When it comes to online gaming storefronts, one rises to the top: Steam. The platform launched in 2003 and never looked back.
But the PC gaming ecosystem is larger and more complex than that, with many users buying games from multiple services — often spending hundreds of dollars per year.
According to a recent CivicScience survey of thousands of Americans under the age of 55, Steam’s competitors — including GOG.com and the newer Epic Games Store — are nipping at its heels.
With each service offering its own exclusive games and its own specialties, it’s no surprise that there is a ton of crossover between these three platforms. Strong majorities of those who spend money on the Epic Games Store (63%) and GOG.com (73%) say they also spend money on Steam.
Conversely, just about one-third of Steam customers say they also buy from the Epic Games Store, and a bit more than one-quarter of Steam spenders say they also spend on GOG.com. This shows Steam’s preeminence in the online computer gaming sector — its own customers aren’t necessarily using its competitors’ services, while most of its competitors’ users do, in fact, also use Steam.
Given that most GOG.com and Epic Games Store customers also have a Steam account, we’ll be focusing on Steam users as we take a deep dive into social media usage among PC gamers.
It turns out that Steam users vastly over-index — even among their peers below age 55 — for use of TikTok, Snapchat, and Twitter, but not for Facebook or Instagram.
Steam users were also three times more likely than others to say that the ads they most often pay attention to are social media ads. Interestingly, they were somewhat less likely to say they pay attention to general internet ads the most.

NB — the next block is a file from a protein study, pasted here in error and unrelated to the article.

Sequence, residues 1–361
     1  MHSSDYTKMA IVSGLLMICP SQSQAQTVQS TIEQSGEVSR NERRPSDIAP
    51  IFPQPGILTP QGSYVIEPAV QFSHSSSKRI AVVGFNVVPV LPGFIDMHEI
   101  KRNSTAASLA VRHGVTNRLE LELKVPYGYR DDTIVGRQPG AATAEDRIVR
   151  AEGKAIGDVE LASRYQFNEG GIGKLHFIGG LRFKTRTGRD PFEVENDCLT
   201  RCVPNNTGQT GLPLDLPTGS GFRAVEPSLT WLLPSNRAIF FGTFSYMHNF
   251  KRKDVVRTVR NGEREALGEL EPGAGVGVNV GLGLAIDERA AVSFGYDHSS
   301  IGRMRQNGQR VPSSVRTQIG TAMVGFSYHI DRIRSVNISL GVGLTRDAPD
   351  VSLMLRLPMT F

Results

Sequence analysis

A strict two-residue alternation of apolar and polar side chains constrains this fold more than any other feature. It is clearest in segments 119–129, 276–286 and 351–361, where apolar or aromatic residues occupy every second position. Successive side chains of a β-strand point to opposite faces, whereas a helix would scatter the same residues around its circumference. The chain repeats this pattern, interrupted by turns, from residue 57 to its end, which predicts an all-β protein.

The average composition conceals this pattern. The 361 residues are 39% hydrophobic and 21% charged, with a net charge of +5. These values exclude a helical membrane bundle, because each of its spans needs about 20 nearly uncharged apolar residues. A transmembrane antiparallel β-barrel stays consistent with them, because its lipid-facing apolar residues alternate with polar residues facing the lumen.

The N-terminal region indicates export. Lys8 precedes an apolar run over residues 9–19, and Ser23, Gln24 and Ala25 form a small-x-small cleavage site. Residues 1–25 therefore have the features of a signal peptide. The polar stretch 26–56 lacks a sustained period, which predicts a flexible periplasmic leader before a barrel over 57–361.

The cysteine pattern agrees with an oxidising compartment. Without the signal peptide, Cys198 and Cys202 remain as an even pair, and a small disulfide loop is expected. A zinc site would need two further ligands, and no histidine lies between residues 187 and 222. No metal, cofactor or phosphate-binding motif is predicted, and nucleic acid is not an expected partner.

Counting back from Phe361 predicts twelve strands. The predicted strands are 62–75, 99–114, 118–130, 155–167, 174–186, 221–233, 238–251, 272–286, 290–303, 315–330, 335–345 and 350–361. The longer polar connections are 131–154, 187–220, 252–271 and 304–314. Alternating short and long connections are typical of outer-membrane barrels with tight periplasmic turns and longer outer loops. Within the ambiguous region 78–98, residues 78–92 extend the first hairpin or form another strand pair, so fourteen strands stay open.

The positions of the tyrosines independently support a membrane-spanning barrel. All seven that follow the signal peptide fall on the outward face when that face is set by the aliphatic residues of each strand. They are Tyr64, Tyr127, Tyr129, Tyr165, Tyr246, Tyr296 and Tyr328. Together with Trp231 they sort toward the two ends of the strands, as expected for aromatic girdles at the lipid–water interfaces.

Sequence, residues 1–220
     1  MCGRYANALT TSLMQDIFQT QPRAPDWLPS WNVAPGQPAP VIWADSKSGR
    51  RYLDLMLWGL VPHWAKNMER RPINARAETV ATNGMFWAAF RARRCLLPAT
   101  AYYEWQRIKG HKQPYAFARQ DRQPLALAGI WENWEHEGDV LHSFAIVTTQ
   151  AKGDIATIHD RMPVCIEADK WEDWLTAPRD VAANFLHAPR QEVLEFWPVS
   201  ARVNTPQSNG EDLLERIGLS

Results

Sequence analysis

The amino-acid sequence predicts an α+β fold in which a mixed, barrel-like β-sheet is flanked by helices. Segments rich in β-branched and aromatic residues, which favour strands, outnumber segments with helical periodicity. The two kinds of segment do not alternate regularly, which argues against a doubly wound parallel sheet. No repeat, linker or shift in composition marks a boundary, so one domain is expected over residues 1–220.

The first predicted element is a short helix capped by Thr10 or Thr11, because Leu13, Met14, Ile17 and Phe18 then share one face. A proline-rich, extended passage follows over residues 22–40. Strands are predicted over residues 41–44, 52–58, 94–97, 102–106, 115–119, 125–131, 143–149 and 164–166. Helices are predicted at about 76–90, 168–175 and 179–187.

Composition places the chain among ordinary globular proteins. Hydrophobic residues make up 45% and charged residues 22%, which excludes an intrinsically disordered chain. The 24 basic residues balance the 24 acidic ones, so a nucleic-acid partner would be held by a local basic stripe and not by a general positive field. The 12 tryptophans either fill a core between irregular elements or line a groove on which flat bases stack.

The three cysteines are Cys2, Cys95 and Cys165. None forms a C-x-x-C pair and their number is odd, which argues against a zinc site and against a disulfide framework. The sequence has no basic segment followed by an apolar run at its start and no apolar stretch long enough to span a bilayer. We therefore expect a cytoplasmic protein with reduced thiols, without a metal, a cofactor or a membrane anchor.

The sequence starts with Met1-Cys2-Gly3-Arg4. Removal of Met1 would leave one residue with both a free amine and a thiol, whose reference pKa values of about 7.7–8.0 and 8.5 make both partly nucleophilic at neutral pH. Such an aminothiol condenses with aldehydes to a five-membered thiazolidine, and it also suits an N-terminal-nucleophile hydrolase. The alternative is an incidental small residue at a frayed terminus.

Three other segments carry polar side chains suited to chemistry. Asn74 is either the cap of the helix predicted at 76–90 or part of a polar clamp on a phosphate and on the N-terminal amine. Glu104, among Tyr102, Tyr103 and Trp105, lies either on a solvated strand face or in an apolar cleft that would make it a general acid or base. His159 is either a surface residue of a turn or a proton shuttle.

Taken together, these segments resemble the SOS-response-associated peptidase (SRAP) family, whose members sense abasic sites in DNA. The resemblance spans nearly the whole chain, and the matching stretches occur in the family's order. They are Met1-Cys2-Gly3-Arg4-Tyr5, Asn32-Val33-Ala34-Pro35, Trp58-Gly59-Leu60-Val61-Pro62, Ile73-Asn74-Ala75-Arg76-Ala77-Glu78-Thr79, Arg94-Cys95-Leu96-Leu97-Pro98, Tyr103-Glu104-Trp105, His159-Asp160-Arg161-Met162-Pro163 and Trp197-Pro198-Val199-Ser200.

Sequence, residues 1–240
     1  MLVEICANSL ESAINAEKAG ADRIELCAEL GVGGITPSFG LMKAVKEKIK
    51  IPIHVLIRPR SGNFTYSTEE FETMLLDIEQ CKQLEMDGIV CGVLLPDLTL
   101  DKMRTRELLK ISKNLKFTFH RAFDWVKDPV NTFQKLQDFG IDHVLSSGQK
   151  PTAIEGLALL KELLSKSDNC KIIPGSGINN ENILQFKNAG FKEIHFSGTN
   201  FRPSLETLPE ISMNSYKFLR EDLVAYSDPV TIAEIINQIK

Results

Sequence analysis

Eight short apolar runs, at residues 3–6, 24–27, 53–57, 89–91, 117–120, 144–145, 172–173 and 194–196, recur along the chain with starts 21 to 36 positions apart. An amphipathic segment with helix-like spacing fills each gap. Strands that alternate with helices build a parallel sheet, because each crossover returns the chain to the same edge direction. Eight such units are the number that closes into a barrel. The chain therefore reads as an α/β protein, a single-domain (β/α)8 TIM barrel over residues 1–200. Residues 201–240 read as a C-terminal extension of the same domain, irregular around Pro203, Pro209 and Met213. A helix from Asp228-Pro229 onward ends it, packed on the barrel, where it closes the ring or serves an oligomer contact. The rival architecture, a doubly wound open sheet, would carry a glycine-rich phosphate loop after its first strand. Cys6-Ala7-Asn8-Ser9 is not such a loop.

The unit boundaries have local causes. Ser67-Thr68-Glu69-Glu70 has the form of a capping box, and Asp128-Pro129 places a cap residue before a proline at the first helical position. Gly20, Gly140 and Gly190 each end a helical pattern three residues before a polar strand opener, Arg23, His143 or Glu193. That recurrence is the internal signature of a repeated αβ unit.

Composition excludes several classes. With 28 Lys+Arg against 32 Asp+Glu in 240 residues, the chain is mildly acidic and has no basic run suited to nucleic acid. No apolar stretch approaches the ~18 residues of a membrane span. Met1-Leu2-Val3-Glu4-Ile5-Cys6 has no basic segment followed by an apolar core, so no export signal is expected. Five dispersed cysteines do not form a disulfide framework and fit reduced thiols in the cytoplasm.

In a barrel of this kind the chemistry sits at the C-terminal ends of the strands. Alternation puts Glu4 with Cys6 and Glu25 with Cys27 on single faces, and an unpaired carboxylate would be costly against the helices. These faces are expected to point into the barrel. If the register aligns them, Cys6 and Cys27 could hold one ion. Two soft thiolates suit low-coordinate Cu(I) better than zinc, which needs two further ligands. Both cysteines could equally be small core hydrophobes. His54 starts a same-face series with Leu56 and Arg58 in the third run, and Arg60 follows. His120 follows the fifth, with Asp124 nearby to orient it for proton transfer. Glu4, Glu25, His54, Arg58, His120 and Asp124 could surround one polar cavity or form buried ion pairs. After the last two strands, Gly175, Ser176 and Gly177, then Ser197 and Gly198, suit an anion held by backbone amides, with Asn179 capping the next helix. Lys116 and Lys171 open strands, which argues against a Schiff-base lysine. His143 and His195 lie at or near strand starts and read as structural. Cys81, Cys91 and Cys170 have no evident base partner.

The upshot? PC gamers are active on social media — particularly TikTok, Snapchat, and Twitter — and they’re more likely than others to pay attention to ads on social media platforms.
They’re also nearly six times more likely than their peers under 55 to watch eSports.
When comparing spending on online gaming platforms with respondents’ ages, we see some interesting patterns. Steam appears to have the broadest appeal across user age groups, with use waning steadily among older respondents. Meanwhile, Epic Games Store purchasing peaked around age 35, while GOG.com seemed to find most of its support from users under 30. Note that all three platforms have strong support from the 13-17 age bracket.
Spenders tended to be male on Steam and GOG.com, but Epic Games Store customers were more evenly split between men and women.
We’ll leave you with some final insights about Steam users as compared to their peers (also under the age of 55): they’re more likely to say they don’t identify as heterosexual / ‘straight’ [31% vs. 23%]; they’re more likely to use food delivery services (Grubhub, Postmates, etc.) [37% vs. 19%]; and they’re more likely to go to the movies once a month or more [22% vs. 12%].
Overall, about one in five Americans under the age of 55 is using Steam, with that number rising to 30% among the 25-to-29 post-college age bracket. And CivicScience data show that Steam users’ behavior is quite unique, even among their peers.